A shout out to Dave Yoho from Dave Yoho associates for reminding us of this great article by Molly Sloat from the AMA. As I started to reread the piece (available on the AMA’s site here), I wondered if the case she made for print in 2015 was still valid.
The original article talked about the rough market conditions that existed in 2014, with low ad revenue and ongoing job cuts. Yet Sloat was adamant that print wasn’t dying, and for some very specific reasons.
So, what’s the situation three years later? Was the AMA right? Let’s take a look at what they saw as the “pros of print” back then and see how they are playing out today.
Print as a top-of-funnel medium
“Print is still a top-of-funnel medium,” said Andy Blau, senior vice president of finance and advertising at New York-based magazine publisher Time Inc at the time. “It’s really for establishing brand worthiness in the marketplace, for establishing the value of the brand, for communicating very broadly, with broad reach, to the right target audience. It’s really pure brand advertising.”
And today, where do magazines really fit in the consumer funnel? For many advertisers, it becoming clear that print works not only at the top of the funnel but all throughout. And the industry is doing a better job of understanding – and selling – that idea.
“The greatest misconception is that we’re not seen as an active participant in the marketing funnel; that we don’t go beyond the role of brand positioning and awareness where, in fact, we drive brand consideration, purchase, and lead people in-store,” said Nick Smith, prestige and lifestyle director at News Corp, in this Magazine Networks post in a recent Mumbrella post.
Print inspires in ways that digital can’t
“People are in different mental spaces when they choose to engage with a printed magazine versus digital content,” said Britt Fero, EVP for ad agency Publicis. “Magazines and print in other forms serve as inspiration, and they also can be informational.”
Still true today? No doubt, and in some very specific ways that were barely on the radar back then. Firstly, print fulfills a critical role in this age of fake news and misinformation. News media brands – long criticized and now much maligned – have one ace in the hole that fake news can’t touch. And that ace is print, called unparalleled for keeping reader trust.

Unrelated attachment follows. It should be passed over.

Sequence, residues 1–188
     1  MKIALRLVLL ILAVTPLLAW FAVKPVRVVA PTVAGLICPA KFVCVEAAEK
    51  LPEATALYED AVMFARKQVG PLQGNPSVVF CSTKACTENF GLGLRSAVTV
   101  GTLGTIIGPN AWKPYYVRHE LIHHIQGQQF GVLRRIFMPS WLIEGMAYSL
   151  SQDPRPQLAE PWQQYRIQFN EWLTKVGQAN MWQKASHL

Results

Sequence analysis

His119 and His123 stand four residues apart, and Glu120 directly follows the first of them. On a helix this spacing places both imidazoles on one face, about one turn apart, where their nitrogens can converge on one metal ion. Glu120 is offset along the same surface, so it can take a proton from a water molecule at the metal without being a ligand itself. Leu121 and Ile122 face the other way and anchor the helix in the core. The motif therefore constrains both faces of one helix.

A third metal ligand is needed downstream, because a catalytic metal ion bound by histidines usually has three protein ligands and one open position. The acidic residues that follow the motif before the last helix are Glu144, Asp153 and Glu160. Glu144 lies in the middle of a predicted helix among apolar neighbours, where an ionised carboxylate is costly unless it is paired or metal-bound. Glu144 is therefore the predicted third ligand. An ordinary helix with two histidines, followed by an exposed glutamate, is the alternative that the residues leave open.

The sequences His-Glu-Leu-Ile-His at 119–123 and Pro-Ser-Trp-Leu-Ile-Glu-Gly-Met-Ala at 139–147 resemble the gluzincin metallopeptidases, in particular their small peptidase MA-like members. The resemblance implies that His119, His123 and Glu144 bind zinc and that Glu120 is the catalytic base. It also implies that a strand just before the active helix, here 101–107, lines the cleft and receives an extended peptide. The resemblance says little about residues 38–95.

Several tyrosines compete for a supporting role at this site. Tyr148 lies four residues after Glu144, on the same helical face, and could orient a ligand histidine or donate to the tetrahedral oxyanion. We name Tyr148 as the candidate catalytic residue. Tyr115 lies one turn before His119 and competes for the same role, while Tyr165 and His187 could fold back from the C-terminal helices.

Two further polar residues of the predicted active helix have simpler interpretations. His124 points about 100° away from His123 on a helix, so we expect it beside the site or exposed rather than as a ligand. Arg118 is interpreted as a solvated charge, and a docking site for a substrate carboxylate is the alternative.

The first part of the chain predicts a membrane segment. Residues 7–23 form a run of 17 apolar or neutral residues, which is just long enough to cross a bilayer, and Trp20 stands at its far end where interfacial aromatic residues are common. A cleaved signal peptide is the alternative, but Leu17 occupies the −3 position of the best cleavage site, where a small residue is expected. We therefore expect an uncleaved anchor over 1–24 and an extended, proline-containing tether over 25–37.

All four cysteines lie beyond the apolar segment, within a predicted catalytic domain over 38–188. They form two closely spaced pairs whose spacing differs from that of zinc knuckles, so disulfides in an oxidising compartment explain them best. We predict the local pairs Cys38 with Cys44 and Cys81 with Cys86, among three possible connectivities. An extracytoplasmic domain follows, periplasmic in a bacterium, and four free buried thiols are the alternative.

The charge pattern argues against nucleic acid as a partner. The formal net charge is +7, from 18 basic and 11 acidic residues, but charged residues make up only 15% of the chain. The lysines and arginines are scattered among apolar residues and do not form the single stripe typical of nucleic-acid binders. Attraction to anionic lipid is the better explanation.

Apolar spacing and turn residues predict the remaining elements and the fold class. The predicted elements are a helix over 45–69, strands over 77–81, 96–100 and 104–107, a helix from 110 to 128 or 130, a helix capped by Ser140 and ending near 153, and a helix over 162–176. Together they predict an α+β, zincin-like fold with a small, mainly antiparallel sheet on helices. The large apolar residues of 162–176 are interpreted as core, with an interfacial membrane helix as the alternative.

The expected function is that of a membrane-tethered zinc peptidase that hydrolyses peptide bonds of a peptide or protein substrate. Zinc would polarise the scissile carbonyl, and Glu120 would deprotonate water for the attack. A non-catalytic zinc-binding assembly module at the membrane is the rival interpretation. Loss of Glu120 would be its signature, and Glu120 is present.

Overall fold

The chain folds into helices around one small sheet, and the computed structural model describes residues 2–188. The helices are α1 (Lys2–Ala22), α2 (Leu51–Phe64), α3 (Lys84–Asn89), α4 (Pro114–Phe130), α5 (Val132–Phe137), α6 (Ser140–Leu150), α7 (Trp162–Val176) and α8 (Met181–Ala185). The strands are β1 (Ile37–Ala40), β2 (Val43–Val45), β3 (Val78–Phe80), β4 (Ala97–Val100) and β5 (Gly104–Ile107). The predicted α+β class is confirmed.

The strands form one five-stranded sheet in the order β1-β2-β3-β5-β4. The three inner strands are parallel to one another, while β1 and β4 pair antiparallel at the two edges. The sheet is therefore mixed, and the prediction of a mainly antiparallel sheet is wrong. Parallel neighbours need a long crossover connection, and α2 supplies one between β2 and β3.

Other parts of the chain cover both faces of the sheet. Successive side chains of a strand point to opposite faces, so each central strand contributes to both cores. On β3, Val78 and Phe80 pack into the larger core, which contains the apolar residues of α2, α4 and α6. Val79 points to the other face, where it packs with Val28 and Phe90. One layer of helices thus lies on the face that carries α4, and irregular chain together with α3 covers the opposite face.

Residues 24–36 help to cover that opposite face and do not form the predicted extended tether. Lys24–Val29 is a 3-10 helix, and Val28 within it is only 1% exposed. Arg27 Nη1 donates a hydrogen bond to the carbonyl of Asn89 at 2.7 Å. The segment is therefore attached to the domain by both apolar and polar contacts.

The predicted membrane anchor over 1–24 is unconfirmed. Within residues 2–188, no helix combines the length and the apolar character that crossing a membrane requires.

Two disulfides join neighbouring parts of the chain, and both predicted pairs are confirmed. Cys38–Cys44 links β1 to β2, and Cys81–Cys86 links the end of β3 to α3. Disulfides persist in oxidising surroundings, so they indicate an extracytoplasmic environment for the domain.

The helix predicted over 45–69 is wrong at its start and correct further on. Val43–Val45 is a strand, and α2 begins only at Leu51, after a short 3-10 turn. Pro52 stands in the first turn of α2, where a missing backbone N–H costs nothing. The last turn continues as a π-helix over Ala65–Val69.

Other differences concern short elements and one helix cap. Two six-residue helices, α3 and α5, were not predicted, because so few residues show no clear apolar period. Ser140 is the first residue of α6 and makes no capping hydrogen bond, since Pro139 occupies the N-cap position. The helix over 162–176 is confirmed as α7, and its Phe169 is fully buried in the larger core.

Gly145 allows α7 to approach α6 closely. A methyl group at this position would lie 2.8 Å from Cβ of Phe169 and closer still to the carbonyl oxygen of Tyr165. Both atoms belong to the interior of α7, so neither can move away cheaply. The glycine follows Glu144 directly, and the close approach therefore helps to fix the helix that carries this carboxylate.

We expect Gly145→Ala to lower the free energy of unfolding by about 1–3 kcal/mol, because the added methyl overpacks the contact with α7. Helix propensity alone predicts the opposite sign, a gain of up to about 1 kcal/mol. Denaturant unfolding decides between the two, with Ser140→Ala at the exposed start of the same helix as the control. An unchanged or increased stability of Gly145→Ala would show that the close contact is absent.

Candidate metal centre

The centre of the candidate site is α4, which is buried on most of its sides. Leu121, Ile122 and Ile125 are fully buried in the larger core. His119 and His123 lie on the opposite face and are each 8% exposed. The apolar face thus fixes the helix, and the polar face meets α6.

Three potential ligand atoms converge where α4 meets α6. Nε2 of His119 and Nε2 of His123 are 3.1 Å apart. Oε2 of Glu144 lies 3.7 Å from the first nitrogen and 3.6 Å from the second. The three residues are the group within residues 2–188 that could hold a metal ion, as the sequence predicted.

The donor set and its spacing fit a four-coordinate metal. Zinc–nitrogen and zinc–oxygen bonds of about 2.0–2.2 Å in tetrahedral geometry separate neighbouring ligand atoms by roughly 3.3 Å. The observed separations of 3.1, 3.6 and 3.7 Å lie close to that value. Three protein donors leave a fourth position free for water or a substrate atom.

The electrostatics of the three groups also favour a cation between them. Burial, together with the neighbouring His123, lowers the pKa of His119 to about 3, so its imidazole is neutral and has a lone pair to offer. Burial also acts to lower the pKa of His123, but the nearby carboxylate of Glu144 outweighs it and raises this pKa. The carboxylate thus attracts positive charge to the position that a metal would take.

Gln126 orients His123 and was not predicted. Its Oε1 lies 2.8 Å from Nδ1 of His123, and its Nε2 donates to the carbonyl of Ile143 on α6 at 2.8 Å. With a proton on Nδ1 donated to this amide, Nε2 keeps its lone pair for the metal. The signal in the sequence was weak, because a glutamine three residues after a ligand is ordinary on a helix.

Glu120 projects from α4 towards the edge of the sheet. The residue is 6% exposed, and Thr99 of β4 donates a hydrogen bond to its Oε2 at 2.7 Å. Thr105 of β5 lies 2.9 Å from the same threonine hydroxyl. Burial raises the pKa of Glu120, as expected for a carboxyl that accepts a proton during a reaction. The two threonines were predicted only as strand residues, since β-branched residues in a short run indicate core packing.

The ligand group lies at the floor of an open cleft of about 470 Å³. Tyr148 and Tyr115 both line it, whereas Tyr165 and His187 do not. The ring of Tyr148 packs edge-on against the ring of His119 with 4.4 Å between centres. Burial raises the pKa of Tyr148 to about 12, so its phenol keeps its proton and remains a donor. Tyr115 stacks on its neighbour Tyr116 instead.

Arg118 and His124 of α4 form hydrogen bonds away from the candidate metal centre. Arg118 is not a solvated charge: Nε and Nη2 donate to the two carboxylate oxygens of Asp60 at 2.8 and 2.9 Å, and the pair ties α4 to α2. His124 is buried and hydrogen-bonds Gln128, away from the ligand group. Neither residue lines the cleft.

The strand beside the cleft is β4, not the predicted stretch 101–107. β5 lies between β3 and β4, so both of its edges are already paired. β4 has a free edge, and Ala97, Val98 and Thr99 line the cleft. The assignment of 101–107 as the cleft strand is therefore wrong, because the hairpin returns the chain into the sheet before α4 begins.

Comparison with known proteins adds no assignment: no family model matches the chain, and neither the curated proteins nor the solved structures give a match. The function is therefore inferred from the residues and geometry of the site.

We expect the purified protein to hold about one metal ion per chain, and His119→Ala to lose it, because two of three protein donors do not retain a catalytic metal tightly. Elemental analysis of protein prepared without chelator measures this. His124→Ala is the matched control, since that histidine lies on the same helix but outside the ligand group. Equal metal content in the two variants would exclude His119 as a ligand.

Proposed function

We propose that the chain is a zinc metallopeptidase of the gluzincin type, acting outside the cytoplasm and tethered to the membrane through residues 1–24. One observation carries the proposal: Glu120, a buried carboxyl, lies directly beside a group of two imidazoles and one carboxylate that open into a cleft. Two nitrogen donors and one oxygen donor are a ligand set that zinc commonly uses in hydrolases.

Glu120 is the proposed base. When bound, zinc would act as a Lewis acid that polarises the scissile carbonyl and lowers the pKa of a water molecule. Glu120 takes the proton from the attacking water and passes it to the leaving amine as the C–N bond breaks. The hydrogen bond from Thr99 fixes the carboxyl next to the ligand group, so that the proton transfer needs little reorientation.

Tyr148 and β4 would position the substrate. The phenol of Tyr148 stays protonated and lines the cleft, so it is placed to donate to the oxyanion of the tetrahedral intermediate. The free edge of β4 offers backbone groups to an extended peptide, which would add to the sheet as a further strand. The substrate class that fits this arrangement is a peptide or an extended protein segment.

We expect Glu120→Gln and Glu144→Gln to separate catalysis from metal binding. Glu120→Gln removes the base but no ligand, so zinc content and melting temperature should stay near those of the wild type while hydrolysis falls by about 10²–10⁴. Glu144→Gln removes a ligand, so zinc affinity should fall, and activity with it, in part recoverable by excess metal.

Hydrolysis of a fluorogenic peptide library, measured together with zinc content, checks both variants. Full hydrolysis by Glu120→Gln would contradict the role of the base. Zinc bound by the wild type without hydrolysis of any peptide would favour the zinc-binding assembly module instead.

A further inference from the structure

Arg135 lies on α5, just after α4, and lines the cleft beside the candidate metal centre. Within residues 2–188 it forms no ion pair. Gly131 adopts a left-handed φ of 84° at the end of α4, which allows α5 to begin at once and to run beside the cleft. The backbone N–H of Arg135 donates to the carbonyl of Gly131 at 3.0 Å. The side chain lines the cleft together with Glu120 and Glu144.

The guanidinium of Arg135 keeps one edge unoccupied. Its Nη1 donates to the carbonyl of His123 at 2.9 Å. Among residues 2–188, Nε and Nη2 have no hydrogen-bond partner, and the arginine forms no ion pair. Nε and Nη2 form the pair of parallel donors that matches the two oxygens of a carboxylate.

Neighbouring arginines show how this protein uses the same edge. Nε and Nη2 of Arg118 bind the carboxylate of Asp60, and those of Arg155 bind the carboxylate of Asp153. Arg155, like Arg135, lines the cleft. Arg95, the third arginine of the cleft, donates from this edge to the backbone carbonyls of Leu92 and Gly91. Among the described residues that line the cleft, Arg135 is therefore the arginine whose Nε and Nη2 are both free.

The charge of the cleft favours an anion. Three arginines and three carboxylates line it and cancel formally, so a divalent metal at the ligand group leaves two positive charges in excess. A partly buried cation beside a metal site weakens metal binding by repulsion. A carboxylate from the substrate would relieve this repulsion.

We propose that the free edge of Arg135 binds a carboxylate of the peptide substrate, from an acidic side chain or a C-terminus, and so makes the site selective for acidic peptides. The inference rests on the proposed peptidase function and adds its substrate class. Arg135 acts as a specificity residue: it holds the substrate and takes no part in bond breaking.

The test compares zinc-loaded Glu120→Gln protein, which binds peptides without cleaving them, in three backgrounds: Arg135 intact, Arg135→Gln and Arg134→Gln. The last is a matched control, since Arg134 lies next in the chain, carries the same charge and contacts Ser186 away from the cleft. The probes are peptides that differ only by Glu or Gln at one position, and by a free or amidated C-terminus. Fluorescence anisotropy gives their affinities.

In addition to building trust, print offers us something that social media just can’t provide. Going far beyond the social media communion we get all day long, print offers an immersive, intense one-on-one relationship, with finite edges and careful curation.
Native advertising as the bright new revenue stream
Back in 2015, native advertising and sponsored content were seen by many as the next big wave of magazine brand revenue. Big media brands were creating in-house content shops specifically to sell content to ad partners, while other advertisers started to create their own content and simply use publishers as distribution systems.
At the time, some – self-included – warned it was a slippery slope.
“Demand for native content will outstrip the supply of creative talent. As a result, most native experiences will be unremarkable,” predicted Joe McCambley of The Word Factory. “Consumers will begin the inevitable process of learning to avoid native content the same way they’ve learned to avoid banners, email ads, radio and TV ads, and direct mail.”
The concern was valid. Native advertising grew at the same time that overall brand trust continued its slide. There was some evidence late in 2016 – given the consumer backlash – that fake news was in fact helping kill off native advertising. As we start seeing more examples of media brands having success with paywall strategies and subscription growth, we expect more brands to give up this practice and reclaim their editorial sanctity. As publishers make their real estate more valuable in these ways, the advertisers will come back to what they know works.
Where we are today
So Sloat was two for three – not bad, given how quickly and thoroughly media and marketing have been disrupted in the past few years. What we learned in the meantime is that print offers a tangible trust bump that you just can’t find in digital media. And that is not likely to change no matter when we look.